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The rate of development for the Linux kernel is unprecedented, with a new major release approximately every two to three months. Each release offers several new features and improvements that a lot of people could take advantage of to make their computing experience faster, more efficient, or better in other ways.
The problem, however, is that you usually can’t take advantage of these new kernel releases as soon as they come out — you have to wait until your distribution comes out with a new release that packs a newer kernel with it. We’ve previously laid out the benefits for regularly updating your kernel, and you don’t have to wait to get your hands on them. We’ll show you how.
Disclaimer: As some of our literature may have mentioned before, updating your kernel does carry a (small) risk of breaking your system. If this is the case, it’s usually easy to pick an older kernel at boot time that works, but something may always go wrong. Therefore, we’re not responsible for any damage to your system — use at your own risk!
To update your kernel, you’ll first need to determine whether you’re using a 32-bit or 64-bit system. Open up a terminal window and run
Then check to see if the output says x86_64 or i686. If it’s x86_64, then you’re running the 64-bit version; otherwise, you’re running the 32-bit version. Remember this, because it will be important.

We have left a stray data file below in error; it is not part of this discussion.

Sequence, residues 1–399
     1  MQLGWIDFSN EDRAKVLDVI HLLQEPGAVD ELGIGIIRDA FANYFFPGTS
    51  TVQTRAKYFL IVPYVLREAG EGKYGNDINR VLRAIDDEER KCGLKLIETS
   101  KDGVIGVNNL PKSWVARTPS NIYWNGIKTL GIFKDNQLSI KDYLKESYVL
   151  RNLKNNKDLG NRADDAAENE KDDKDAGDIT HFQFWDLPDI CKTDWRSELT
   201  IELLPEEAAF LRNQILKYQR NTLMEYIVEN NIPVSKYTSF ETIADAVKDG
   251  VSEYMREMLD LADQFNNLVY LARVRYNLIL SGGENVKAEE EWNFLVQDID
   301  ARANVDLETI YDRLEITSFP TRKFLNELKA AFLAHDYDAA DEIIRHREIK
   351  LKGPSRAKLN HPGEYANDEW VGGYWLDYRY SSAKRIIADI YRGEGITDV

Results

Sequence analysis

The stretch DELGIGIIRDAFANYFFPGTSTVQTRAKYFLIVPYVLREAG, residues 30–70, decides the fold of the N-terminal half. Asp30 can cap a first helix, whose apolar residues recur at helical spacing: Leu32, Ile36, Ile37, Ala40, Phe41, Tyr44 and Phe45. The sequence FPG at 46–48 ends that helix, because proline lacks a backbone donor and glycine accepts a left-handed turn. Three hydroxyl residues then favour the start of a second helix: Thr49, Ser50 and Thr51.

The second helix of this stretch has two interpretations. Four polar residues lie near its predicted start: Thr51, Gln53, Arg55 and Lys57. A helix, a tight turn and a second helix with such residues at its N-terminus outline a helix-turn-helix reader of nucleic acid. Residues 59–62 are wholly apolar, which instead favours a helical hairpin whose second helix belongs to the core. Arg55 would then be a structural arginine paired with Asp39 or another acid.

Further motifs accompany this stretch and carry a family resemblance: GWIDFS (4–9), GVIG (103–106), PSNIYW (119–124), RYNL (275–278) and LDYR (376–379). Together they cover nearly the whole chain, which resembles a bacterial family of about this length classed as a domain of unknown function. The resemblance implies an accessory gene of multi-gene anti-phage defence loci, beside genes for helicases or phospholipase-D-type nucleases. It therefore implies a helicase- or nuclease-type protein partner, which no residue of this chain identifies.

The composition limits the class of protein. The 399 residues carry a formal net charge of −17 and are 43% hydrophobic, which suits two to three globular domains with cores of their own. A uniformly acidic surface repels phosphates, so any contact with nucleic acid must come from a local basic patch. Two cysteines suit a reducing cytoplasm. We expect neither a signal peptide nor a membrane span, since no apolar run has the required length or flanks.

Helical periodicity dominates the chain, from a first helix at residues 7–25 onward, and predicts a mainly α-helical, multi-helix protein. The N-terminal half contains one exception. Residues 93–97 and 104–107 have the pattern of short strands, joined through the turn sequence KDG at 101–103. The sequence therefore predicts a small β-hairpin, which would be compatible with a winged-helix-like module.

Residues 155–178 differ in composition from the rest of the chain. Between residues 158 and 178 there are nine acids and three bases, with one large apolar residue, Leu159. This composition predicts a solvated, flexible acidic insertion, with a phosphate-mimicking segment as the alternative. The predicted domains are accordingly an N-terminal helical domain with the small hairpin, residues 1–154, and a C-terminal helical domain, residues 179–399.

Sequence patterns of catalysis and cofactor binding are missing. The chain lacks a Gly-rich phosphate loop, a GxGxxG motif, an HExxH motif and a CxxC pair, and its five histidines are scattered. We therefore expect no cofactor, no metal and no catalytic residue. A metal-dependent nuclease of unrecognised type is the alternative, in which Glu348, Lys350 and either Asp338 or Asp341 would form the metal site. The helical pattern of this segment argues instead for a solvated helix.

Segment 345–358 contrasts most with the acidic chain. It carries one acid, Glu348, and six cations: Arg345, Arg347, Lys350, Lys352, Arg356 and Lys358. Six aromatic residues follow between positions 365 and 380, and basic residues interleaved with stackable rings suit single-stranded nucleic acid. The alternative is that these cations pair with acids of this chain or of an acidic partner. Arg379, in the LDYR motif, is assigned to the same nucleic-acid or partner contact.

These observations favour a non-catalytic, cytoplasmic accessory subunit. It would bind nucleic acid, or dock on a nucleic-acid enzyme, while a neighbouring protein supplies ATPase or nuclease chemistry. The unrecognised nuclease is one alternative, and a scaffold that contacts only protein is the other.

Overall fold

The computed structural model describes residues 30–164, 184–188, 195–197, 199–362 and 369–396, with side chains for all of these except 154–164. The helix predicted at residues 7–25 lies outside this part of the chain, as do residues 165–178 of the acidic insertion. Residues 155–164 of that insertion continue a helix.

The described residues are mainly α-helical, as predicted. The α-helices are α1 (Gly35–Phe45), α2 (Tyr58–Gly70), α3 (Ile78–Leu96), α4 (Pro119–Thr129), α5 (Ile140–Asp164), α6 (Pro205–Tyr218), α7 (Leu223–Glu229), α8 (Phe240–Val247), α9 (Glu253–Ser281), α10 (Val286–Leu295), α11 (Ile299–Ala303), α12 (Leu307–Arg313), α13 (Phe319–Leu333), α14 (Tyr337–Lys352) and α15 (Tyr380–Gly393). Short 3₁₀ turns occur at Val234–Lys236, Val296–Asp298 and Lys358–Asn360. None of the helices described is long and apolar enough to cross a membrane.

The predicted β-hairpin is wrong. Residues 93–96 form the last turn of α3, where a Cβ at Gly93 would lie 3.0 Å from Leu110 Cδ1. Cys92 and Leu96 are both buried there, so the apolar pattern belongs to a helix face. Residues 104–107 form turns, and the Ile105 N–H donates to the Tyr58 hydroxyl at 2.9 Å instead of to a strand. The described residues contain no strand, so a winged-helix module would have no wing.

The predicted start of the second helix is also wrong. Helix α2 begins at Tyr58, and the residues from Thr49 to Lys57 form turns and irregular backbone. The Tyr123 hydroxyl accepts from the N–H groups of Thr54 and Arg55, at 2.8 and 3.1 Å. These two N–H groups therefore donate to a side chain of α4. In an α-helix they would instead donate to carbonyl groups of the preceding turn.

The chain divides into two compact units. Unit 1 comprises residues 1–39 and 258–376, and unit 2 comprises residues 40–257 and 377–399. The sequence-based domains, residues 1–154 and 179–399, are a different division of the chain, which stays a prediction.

Next, visit the official Linux kernel website. This will tell you what the current stable version of the kernel is. You can try out release candidates if you’d like, but they are a lot less tested than the stable releases. Stick with the stable kernel unless you are certain you need a release candidate version.
It’s quite easy for Ubuntu and Ubuntu-derivative users to update their kernel, thanks to the Ubuntu Mainline Kernel PPA. Although it’s officially called a PPA, you cannot use it like other PPAs by adding them to your software sources list and expecting it to automatically update the kernel for you. Instead, it’s simply a webpage you navigate through to download the kernel you want.